Worm Breeder's Gazette 15(4): 28 (October 1, 1998)

These abstracts should not be cited in bibliographies. Material contained herein should be treated as personal communication and should be cited as such only with the consent of the author.

GFP markers illuminating functional abnormalities in neurons required for thermotaxis

Hiroyuki Sasakura1, Atsushi Kuhara1, Hidetoshi Komatsu1, Ikue Mori2

1 Laboratory of Molecular Neurobiology, Division of Biological Science, Graduate School of Science, Nagoya University, Nagoya 464-8602, Japan
2 Laboratory of Molecular Neurobiology, Division of Biological Science, Graduate School of Science, Nagoya University, Nagoya 464-8602, Japan, PRESTO, JST

        C. elegans can sense a range of temperatures and migrates toward
the temperature at which it was cultivated with food for several hours
on a temperature gradient. Laser ablation experiments revealed that
thermosensory neuron AFD and its downstream interneurons, AIY and AIZ,
are critical for this thermotaxis behavior (1). To date, several genes
required for thermotaxis have been identified. The tax-4 and tax-2 genes
encoding alpha and beta subunits of cyclic nucleotide-gated channel,
respectively, are expressed in several sensory neurons including AFD,
and both tax-4 and tax-2 mutants exhibit athermotactic
(non-temperature-responsive) phenotype (2,3). The ttx-3 gene encodes a
LIM homeodomain protein that is specifically expressed in AIY, and ttx-3
mutants show cryophilic (cold-seeking) phenotype (4). 
        Like ttx-3 mutants, ttx-1 and ttx-2 mutants are cryophilic and
are nearly, if not completely, normal in other behaviors such as
chemotaxis. Since AFD and AIY are likely to be involved specifically in
thermotaxis, we tried to observe any defects in AFD and AIY neurons of
ttx-1 and ttx-2 mutants, by introducing AFD-specific marker gcy-8::GFP 
and AIY-specific ttx-3::GFP. The same constructs were also introduced to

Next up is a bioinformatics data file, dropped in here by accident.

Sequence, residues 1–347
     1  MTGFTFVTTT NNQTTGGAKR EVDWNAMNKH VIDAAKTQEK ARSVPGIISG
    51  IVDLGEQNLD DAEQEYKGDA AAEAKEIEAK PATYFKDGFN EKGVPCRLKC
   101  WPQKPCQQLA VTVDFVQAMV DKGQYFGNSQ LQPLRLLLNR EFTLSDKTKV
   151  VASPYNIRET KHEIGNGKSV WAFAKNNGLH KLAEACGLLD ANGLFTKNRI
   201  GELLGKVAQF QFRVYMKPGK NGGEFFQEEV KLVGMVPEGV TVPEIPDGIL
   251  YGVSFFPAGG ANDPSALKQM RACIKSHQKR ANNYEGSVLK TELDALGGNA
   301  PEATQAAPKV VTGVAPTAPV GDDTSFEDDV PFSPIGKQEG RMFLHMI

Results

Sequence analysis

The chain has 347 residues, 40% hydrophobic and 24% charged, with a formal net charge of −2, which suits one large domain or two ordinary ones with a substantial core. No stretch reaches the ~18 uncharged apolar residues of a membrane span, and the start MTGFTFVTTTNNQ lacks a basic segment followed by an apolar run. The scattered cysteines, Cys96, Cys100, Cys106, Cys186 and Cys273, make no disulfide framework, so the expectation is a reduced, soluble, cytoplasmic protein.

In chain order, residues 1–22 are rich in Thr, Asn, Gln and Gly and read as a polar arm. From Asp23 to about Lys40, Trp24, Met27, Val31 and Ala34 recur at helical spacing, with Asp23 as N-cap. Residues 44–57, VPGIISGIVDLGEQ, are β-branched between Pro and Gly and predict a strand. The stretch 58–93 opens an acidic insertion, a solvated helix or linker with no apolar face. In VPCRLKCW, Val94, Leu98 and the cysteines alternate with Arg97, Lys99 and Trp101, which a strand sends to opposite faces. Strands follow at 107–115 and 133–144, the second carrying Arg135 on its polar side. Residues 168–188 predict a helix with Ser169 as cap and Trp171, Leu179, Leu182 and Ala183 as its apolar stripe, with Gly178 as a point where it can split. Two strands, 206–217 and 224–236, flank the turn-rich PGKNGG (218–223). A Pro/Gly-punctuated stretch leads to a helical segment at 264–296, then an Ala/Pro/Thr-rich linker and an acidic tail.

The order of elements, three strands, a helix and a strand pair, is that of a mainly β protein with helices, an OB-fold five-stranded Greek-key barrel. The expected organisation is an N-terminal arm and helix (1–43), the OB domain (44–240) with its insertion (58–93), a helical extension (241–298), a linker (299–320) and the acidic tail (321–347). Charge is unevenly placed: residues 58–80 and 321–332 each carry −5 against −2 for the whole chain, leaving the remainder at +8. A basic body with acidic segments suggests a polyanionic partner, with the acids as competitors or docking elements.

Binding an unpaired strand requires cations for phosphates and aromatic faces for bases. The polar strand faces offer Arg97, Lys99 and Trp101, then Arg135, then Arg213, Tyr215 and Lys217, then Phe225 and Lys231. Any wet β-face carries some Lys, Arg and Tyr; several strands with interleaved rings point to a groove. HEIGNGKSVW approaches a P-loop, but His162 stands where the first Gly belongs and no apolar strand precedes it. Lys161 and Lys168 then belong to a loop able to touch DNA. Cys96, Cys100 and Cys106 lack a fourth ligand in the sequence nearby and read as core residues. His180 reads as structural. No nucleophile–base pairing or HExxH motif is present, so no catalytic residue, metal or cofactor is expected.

ttx-3, tax-2 and tax-4 mutants for comparison. We found that the
expression of gcy-8:GFP in AFD was significantly down-regulated in
ttx-1, tax-2 and tax-4 mutants. Noticeably, we have also observed that
the microvillus-like structures at sensory ending of AFD were often
abnormal in ttx-1 mutants, which is consistent with the previous report
based on the EM analysis (5). By contrast, ttx-2 and ttx-3 mutants
expressed gcy-8:GFP  at the same level as wild type animals. The
expressions of ttx-3::GFP in AIY of ttx-1, ttx-2, tax-2 and tax-4
mutants were all indistinguishable when compared with that of wild type,
but as already reported, it was much reduced in ttx-3 mutants, probably
due to self-regulation (4). 
        We are intrigued by the low expression of gcy-8::GFP in AFD of
tax-2 and tax-4 mutants, since we think it highly unlikely that a cyclic
nucleotide-gated channel plays a direct role in transcription of gcy-8 
encoding a guanylyl cyclase (6). Thus, the present study suggests that
the ttx-1 gene functions in AFD, but does not necessarily support the
possibility that it encodes a transcription regulator over other
possibilities. We are now testing the model that disruption of a gene
participating in signal transduction pathways for thermotaxis in AFD,
AIY or AIZ, leads to down-regulations of other genes involved in the
same or related signal transduction cascades. If so, appropriate GFP
markers will then be used not only to identify the cellular focus, but
also to help estimate the function of the genes affected in
thermotaxis-defective mutants.   
        We thank Barbara Wedel and David Garbers for gcy-8::GFP ; Oliver
Hobert for ttx-3::GFP; Kazuyoshi Ishii, Megumi Shirakawa and Yasumi
Ohshima for ttx strains. We are indebted to Yasumi Ohshima for help in
his laboratory at the initial stage of this work.

(1) Mori and Ohshima, 1995, Nature 376, 344-348. (2) Komatsu et al.,
1996, Neuron 17, 707-718. 
(3) Coburn and Bargmann, 1996, Neuron 17, 695-706. (4) Hobert et al.,
1997, Neuron 19, 345-357. 
(5) Perkins et al., 1986, Dev. Biol. 117, 456-487. (6) Yu et al., 1997,
PNAS 94, 3384-3387.